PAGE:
Thursday, July 9, 2015
What would have been their 65th Wedding Anniversary. . .
This year my wife and I observed our 37th anniversary -- a tough year and not much of a celebration (having lost two dads, five aunts and uncles, a couple of cousins, and a host of other challenges I will not mention). The ability of a marriage to endure is like gnostic wisdom -- people have all sorts of ideas why marriages last and why they don't and all of them involve hidden reasons. We want a crystal ball before we marry to make sure the person is the right one, the time is right, and the marriage will endure. Pastors who do pre-marital counseling wish they could accurately predict if this one will last or not. So do their parents.
Love is important -- don't get me wrong. But it is not the primary factor in marital longevity. I believe it is forgiveness. The shape of love is forgiveness -- God's love for us and our practice of His love toward one another. This is especially true in the domain of marriage and family. Forgiveness is the glue that binds husband to wife and wife to husband over the long haul.
My parents had disagreements. We knew it growing up. But those disagreements were dealt with by the healing balm of forgiveness. Disappointments and hurts are always a part of any marriage but the Christian part of marriage is grace of forgiveness learned from Jesus and practiced in the most intimate and taxing of relationships -- marriage. Love is impossible to sustain amid the angry words and painful wounds of life -- unless there is something to give love a staying power. That is forgiveness. Even in death, my mom has things that she will have to forgive of my father if she is to find peace. It is always that way. It is not because my dad was a bad husband but because death always exposes our weaknesses and in our grief those weaknesses and failings tend to gum up the healing and comfort of the bereaved. The first answer to grief at the lost of a spouse is forgiveness. Then comfort comes and with it the hope and expectation of the eternal life and blessed reunion of the saints our Lord has promised.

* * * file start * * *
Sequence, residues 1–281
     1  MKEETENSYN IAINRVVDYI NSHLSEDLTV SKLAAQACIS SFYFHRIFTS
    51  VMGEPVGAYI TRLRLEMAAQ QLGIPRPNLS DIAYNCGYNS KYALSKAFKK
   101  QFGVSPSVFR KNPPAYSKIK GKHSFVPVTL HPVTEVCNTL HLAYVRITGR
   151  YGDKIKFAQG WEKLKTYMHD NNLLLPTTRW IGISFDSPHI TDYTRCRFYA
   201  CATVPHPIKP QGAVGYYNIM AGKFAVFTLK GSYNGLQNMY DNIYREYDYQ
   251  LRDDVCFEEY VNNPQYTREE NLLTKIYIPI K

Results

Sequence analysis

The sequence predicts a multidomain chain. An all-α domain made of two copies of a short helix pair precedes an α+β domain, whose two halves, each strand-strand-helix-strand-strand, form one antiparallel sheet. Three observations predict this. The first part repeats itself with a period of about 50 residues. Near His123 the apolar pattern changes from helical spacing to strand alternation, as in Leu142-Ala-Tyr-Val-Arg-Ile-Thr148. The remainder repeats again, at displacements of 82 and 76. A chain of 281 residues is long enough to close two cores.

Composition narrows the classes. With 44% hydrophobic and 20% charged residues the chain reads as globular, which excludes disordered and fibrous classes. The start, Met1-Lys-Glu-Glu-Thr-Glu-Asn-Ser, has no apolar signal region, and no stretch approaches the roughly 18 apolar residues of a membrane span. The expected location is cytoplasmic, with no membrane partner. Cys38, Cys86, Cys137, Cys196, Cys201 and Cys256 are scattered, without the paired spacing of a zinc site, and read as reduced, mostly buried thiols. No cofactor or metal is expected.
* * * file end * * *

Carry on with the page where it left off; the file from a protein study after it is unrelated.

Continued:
Oddly enough, the pro-family Ronald Reagan signed into law the first no-fault divorce act (California, 1969) but it became a model for every other state until there was no blame for any marriage failing -- only a quicker and easier path to undoing the knot. Cohabitation justified itself once by saying it was marriage without the piece of paper. Now those who cohabit are choosing not to be married and don't want their cohabitation governed by law (unless it comes down to property and benefit rights to which they believe they are entitled). Gays want marriage in name but seem intent upon putting their own stamp on what marriage is (gays, at least gay men, that is, are less likely to see sexual fidelity as essential to marriage). We have many changes in the process and who can say what marriage as a legality will look like down the pike. But marriage as God's creative order has not changed much. Complementarity, faithfulness, sacrifice, forgiveness, one man and one woman, and, of course, children remain key to any Biblical definition of marriage. God has suffered through plenty of attempts to remake marriage and He will undoubtedly suffer through our own tinkering with the idea. But natural laws do not depend upon our agreement to be true. They are true by His design. Just as the rescue of a broken or wounded marriage is also His design.
Perhaps we will not see so many couples observing the higher numbered anniversaries. I hope this will not disappear. Fewer, perhaps, but still those who learn that love means forgiveness and forgiveness is the glue that binds our ties. . . That is what I think about on the day that would have been my parents 65th wedding anniversary.